Have any new players expressed an interest in playing for Ireland after your appointment?
I’ve got one here at Sheffield – Vinny Finegan. He’s Irish and he’s put his hand up and said he wants to be part of it. One of the things I’ve always spoken about is getting the youth. Are those players who put up their hands and were part of the 2008 World Cup going to be part of the 2013 World Cup? If they are, then we’ve got four games this year and they’ll have to be putting their hands up for those as well.
You’ll be taking on England, Australia and Fiji at the next World Cup. That must be an exciting for challenge for you?
Fantastic! How good is that for three games? If you want to be on the big stage, then they’re three nations you want to be playing. I’m really looking forward to it, and the guys should be too, but I want them to be preparing now and I want them to feel that when they come into the environment it’s a professional, respectful and disciplined environment.
If we get that right, then look at the players Ireland have got. The Grix brothers, you’ve got people like Pat Richards. There’s others around – Tyrone McCarthy and Tim Bergin. I want the kids who are going to be around for the next few years.
What Ireland is is a passionate nation. That’s what we want in the camp, that passion and pride. Has the sport been going for a few years? Yes, but is it established to the extent it should be? No, and we certainly aim to do that in the next few years. If I can be part of that then I’ll be extremely proud. I just see so many similarities between where Ireland are at now and where I was at Sheffield ten years ago.
I’m sure there are some quality players who are underneath the radar as well. They probably fill the form in and just put England down without thinking whether they’ve got any Irish ancestry. There’s only so many people can play for England, and at the end of the day we want to give opportunity to players.One of my first jobs is to speak to all the heads of youth and find out who actually who is available and capable of playing for Ireland.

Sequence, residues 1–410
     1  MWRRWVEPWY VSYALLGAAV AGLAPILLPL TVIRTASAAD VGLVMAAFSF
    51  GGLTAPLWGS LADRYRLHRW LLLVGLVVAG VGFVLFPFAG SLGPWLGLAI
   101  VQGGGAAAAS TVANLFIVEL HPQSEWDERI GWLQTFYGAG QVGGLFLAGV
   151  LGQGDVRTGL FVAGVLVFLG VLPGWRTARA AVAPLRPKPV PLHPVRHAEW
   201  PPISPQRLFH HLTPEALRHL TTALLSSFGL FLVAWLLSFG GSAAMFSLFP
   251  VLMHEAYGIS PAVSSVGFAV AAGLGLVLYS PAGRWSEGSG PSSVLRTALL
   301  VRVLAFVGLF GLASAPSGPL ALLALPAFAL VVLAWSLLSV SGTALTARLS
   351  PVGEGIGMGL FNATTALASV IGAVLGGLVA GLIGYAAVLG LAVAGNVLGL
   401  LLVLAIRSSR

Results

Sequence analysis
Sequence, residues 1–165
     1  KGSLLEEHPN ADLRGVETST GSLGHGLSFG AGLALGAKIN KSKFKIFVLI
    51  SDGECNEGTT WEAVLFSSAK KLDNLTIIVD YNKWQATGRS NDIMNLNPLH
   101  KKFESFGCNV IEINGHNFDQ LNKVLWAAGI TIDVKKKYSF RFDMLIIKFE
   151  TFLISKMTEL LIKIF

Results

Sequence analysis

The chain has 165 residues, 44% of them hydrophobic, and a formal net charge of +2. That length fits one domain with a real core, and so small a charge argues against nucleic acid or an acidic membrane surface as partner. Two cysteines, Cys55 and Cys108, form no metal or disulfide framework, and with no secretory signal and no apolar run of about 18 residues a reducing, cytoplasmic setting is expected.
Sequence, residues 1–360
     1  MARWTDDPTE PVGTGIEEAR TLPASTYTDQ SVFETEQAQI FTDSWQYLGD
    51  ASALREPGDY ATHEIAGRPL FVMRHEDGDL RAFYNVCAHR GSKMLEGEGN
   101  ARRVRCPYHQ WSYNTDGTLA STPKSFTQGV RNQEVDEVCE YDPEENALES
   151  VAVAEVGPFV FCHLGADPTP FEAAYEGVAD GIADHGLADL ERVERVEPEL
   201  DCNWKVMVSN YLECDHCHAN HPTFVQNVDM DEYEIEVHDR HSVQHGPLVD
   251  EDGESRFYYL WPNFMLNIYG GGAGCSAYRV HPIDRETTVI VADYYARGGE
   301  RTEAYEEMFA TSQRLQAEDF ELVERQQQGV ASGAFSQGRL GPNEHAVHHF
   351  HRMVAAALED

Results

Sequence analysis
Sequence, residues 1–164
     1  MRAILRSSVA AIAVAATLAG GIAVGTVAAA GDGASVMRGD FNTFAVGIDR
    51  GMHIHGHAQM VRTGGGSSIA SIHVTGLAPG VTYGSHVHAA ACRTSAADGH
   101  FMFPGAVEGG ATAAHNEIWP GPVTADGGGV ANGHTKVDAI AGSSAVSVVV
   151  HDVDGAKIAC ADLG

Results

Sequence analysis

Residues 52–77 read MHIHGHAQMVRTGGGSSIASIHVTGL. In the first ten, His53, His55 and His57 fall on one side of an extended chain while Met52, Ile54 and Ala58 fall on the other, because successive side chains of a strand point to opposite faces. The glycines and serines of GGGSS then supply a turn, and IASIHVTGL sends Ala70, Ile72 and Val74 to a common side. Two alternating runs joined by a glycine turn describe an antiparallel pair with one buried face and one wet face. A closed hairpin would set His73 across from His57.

Are there are any of Irish RL’s past greats who will be helping out at all? I’m thinking particularly of Brian Carney or Barrie McDermott, though there are many others.
It’s a clean deck at the moment. There’s me in post, and I’ve got to have a look at who I want to be involved. I know who I want to fetch as my assistant -there’s no dount about that. Whether he can commit to that is something that we have to try and resolve over the next week or so. If he can’t, then it’s Plan B I suppose.
What do I see for Brian and Barrie Mac and Terry O’Connor? I had a meeting with Barrie last week about it, and he’s still very supportive of the Ireland team. He wants a new environment. He wants a professional and disciplined environment. That’s what I want. So I can see all three of them having some sort of ambassadorial role, or just being about the place. Obviously they won’t be involved in a coaching role, but they’ve got massive commitments already.
What is your strategy for getting more first generation Irish born and raised players into your group?